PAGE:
Forced marriage to rapists: the death of Amina El Filali

For years, human rights and women's organizations have been demanding reform of Article 475 of the Moroccan Penal Code which allows rapists to escape punishment if they marry their victim. It is time to break the wall of silence about these archaic customs.

4 December 2012

Read this article in Arabic.

Morocco is considered one of the leading Arab countries when it comes to working towards establishing a strong respect for and implementation of women’s rights. Its 2004 reforms to the “mudwana” Family Code were heralded as “one of the most progressive laws on women's and family rights in the Arab world”.Yet whilst Morocco has made some significant changes to the Family Code over the past decade, such as restricting polygamy and extending the right to petition for divorce to women, there arestill major gaps in the law. The criminal and family laws in particular are filled with loopholes that facilitate the crime of rape and make it easy for rapists to escape prosecution. The tragic story of Amina El Filali captures the horror facing women and girls who are raped and forced to marry their rapist because of one particularly archaic legal tradition.

Amina El Filali was a 16 year old village girl who lived on the outskirts of Larache city in the north of Morocco. She was from a humble and modest family consisting of her father, his two wives and three girls.

In March this year, Amina El Filali’s family stated on Moroccan and foreign television channels that their daughter was kidnapped at knifepoint from the neighborhood surrounding her school by a man named Mustafa. Mustafa is a young man in his twenties who lived in the same area as Amina El Filali.  

Amina was brought to the woods and kept there for ten days, until her family was tired of searching and looking for her everywhere in the village. On the tenth day, Amina’s mother met one of Mustafa’s friends, named Zuhir, who assured her that her daughter was in the woods with Mustafa.

Amina’s family visited Mustafa’s family hoping to rescue Amina, however Amina made her own way back to her parent’s house after ten days of being absent.

Conflicting statements have been put forward regarding the possibility that Amina may have had an existing relationship with Mustafa at the time of her attack. Amina’s friend assured the media that prior to the rape, Amina was a friend of Mustafa and used to go out with him, and according to a Moroccan television channel, some photos of Mustafa were found in Amina’s parent’s house.

Once she was reunited with her family, Amina visited the doctor who confirmed that she had been raped. Mustafa was sued by Amina El Filali’s family for rape and was condemned to marry Amina by the family court judge.

Article 475 of Moroccan law states that a rapist can escape punishment if he marries his victim. This is called a “Reparations agreement“between the girl’s family and the family of the accused and it requires the blessings of the concerned authorities. It was under this law that Amina was forced to marry her rapist against her will.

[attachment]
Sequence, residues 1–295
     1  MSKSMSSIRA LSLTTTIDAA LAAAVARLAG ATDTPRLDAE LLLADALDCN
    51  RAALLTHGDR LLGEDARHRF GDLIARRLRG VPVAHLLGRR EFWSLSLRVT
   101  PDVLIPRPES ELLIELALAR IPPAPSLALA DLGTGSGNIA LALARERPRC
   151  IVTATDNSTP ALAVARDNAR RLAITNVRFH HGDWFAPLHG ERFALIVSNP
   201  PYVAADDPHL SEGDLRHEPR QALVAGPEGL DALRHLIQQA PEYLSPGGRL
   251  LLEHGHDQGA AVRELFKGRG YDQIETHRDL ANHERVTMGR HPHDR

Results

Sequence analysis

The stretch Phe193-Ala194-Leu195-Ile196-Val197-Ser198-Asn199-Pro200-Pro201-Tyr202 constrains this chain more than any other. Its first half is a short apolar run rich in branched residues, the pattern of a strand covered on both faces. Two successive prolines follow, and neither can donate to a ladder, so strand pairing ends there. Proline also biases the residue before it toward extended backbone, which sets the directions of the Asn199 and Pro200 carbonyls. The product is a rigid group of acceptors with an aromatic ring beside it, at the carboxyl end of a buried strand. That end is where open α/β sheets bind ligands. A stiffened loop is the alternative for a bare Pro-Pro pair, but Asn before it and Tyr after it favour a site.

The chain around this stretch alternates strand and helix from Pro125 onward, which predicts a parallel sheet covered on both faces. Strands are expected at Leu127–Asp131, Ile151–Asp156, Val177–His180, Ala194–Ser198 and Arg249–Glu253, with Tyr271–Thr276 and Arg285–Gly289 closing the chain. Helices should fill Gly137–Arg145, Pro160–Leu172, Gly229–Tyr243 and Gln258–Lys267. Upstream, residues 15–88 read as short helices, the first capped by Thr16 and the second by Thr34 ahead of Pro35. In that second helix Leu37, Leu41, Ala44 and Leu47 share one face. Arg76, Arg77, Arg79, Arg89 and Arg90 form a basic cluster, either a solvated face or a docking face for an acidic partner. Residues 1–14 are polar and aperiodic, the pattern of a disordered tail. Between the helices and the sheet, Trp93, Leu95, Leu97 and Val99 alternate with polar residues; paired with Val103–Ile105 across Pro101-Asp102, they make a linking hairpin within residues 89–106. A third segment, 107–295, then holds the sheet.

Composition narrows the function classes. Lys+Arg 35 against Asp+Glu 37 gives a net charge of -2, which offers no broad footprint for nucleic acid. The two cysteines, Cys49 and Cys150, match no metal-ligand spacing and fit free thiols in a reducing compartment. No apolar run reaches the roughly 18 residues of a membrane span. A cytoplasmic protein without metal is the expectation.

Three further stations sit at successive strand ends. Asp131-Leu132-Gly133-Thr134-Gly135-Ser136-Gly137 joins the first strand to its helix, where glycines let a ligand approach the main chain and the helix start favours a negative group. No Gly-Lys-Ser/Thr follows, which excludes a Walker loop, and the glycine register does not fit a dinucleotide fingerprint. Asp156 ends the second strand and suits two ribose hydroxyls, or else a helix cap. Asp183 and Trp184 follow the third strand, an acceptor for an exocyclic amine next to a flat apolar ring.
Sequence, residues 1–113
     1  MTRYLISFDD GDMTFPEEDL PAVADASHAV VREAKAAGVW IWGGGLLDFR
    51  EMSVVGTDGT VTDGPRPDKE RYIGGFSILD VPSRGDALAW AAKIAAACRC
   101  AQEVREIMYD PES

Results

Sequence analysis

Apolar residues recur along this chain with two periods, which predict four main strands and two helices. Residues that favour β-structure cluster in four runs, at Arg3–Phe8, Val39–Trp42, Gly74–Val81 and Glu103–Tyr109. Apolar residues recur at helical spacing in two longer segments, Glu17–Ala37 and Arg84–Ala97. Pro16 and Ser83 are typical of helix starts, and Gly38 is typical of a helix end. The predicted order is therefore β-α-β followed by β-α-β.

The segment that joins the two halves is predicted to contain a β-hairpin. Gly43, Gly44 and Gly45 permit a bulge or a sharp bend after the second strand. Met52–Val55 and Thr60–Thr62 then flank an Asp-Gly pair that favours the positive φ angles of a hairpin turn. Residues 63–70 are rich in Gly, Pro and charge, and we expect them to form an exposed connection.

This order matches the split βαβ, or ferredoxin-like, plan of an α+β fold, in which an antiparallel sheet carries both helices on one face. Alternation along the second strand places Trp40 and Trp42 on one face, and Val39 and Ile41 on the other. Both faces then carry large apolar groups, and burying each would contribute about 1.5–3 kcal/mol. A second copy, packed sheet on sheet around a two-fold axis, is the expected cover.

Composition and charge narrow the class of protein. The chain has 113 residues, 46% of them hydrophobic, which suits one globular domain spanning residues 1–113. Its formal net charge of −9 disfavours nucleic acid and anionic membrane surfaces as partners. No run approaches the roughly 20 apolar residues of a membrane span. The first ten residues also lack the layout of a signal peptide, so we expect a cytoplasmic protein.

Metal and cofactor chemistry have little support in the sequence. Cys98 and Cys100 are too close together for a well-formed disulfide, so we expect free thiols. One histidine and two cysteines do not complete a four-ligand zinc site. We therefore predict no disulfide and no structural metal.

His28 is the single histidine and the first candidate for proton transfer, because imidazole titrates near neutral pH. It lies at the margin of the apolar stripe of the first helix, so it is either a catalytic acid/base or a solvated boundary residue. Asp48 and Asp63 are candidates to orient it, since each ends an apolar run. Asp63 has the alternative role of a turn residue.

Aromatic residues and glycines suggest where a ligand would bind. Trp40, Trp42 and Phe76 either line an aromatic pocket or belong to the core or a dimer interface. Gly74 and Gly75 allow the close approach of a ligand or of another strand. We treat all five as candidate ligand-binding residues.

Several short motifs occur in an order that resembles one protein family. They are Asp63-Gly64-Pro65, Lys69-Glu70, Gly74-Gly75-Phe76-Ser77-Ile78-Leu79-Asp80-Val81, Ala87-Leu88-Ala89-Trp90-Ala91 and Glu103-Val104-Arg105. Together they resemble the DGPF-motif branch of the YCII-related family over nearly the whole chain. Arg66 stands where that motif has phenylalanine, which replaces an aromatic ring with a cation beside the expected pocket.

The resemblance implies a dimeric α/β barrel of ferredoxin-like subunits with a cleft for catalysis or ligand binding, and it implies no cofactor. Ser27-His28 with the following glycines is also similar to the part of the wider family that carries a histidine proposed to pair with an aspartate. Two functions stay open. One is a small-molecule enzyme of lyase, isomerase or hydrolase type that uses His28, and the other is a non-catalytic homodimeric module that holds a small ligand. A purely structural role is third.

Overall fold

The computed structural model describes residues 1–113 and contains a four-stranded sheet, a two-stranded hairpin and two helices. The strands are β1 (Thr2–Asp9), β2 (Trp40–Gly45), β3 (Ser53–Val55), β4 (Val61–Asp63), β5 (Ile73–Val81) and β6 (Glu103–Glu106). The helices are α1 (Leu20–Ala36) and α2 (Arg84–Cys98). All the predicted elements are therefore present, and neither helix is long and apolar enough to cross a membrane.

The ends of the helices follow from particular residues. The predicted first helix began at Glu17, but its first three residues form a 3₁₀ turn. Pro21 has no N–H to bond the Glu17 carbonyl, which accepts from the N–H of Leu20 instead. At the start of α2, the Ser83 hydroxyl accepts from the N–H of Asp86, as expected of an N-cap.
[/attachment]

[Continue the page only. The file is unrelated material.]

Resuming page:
Amina spent roughly six months married to Mustafa. During this time she was subjected to repeated physical abuse. She was beaten, deprived of food and insulted by her husband. All of this suffering caused Amina to put an end to her miserable life; she committed suicide by consuming rat poison on 10 March.

Amina’s family told the media that prior to her death, she had told her family that she had not intended to commit suicide, but only wanted to draw people’s attention to the abuse she was receiving from her husband. When Amina felt alone and didn’t find anyone who would listen to her, she went to the local authorities to file a complaint against her husband; but the authorities didn’t take her complaint seriously.

Amina’s suicide was a huge shock to her family and to Moroccan society at large. The manner in which various Moroccan media outlets and social networking sites have addressed Amina’s story has rocked Moroccan public discourse and sparked a reconsideration of the way our nation deals with the crime of rape by putting more focus on the victim rather than the laws. Human rights associations and women's associations have been calling for a reform to Article 475 for years, but in vain.

There are also similar laws in other Arab countries such as Jordan. Article 358 of the Jordanian penal code, for example, similarly exempts the rapist from prosecution if he marries his victim. This explains why May Abou Saman, an active member of the Jordanian Women’s Committee, led a protest against this law. She stated that women are killed twice by the law, once while being raped, second when forced to marry their rapist.

In order to stop this violation of women’s rights we need to deal with the culture of shame as well as reforming the law. In Jordan as in Morocco, it is thought that a raped girl brings shame on her family - and herself - and that no other man would want to marry her. A girl’s family therefore chooses to marry their daughter to her rapist in order to escape shame and save their dignity. In obliging their daughter to marry the rapist they nevertheless fail to consider the dignity and mental state of their daughter; they fail to think about the rights of the victim.

During the 16 Days of Activism against Gender Violence, people all over the world need to remember the death of Amina and raise their voices to denounce this law. It is time to think about the victim’s rights and break the wall of silence about these archaic customs.

Read other articles in the series, 16 Days of Activism against Gender Violence 2012.

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